Workshops and Cross-Cultural Dialog in Tokyo, Kyoto, Hiroshima, and Nagasaki, with a Special Emphasis on Building Bridges with our Friends in the Survivor Community in Nagasaki


Click through older posts to see pictures
of our work in various cities, including
Hiroshima and Nagasaki

Wednesday, December 22, 2010

Tomorrow could possibly be the best the Christmas present

Officially yesterday, December 21, the Senate voted to move the New START Treaty to a final vote! Moving on with the 67 to 28 vote, the New START Treaty could be a great triumph for the Obama administration. However, more personally, this momentous occasion would be the culmination of all the international effort made during the summer.

About four months have past, and the New START Treaty hovered in the background as everyone started a fresh school year. But now, during my winter break, there's not only an opportunity for me to invigorate my hope for the New START Treaty but a chance to reflect. After my summer vacation ended and after delivering the petitions, I missed Japan terribly and wanted desperately to return to my glorious summer memories - but I didn't really understand how much this trip was slowly changing my perspective. Only now, do I realize the subtle changes.

During the vacation, my perspective was changed:
--Changed from just another student who is passively concerned about nuclear proliferation to a vocal member of the group of international activists united in their cause.
I was more surprised in opposing scenarios:
1. By the big number of students who really supported nuclear non-proliferation.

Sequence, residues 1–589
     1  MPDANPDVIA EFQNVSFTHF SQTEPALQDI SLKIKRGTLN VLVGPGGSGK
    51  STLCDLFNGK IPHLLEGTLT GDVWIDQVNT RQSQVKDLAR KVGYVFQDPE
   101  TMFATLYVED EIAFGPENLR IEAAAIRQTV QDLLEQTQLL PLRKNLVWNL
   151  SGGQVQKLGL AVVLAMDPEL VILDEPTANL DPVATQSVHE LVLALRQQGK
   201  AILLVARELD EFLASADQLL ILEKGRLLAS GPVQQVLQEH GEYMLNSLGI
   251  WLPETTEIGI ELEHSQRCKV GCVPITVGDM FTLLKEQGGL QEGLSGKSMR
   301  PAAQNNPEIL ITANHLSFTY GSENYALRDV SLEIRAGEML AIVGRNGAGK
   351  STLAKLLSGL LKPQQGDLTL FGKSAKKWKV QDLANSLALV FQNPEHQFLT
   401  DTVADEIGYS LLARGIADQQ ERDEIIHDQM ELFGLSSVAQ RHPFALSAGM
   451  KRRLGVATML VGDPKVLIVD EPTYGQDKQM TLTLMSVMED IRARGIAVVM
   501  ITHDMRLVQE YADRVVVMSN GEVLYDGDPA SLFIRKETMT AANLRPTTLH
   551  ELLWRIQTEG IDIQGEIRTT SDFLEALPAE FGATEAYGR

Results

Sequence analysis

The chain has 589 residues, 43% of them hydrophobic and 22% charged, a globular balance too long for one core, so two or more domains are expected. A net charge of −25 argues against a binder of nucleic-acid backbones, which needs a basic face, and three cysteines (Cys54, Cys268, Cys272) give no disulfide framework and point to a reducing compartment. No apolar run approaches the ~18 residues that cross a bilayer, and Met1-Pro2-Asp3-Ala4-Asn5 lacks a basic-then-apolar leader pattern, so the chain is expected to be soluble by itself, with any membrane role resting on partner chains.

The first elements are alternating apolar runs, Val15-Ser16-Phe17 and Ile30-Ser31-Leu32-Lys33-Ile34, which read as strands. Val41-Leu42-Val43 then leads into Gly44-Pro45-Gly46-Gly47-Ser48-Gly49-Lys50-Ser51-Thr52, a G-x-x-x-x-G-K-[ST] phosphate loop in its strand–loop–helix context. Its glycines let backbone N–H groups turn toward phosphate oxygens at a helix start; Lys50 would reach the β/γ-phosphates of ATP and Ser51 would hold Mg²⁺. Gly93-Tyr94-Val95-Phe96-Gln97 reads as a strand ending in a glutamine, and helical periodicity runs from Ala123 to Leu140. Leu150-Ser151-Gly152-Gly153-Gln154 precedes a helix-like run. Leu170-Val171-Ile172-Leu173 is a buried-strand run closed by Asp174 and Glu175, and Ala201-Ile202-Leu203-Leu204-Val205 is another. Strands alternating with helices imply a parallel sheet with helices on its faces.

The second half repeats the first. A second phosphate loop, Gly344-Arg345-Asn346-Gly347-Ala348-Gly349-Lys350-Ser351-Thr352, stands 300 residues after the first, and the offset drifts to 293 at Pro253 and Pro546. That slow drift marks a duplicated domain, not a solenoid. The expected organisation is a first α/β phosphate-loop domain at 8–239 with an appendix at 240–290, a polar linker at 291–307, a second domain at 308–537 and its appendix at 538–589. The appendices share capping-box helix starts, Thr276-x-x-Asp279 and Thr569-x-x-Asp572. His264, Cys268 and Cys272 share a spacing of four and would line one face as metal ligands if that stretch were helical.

2. Disappointedly by the students who rudely joked and possessed the characteristics of "cool apathy" and disrespect to those who were passionate.

However another concern that I kept tucked in the corners of my brain was a changing yet omnipresent fear.
--It was first a complicated mixed fear: stage-fright combined with the fear of being an unprepared incompetent who wasn't passionate enough or deserving enough for the summer's opportunities.

But afterwards, it changed to the fear of:
-What if the treaty isn't passed and is a complete failure and disappointment to all the Japanese students who worked so hard into opposing another Hiroshima and Nagasaki?

And the only thing that will subdue the fear aside from the good news is the faintest hope that even if it fails, the fight will continue -- constantly empowered by others around the entire world (not just the Japanese). Although it sounds terrible to me right now, our summer crusade was a drop in the bucket. Even this blog aside from being a recorded document of our events, could possibly (though very doubtfully) stir someone's concern to action - and that's all I can hope for.

And as my late night tunes flow through my earbuds, it's surprising how perfectly a lyric fits with this blog post:
"Isn't it nice to know that the lining is silver?" - Relient K

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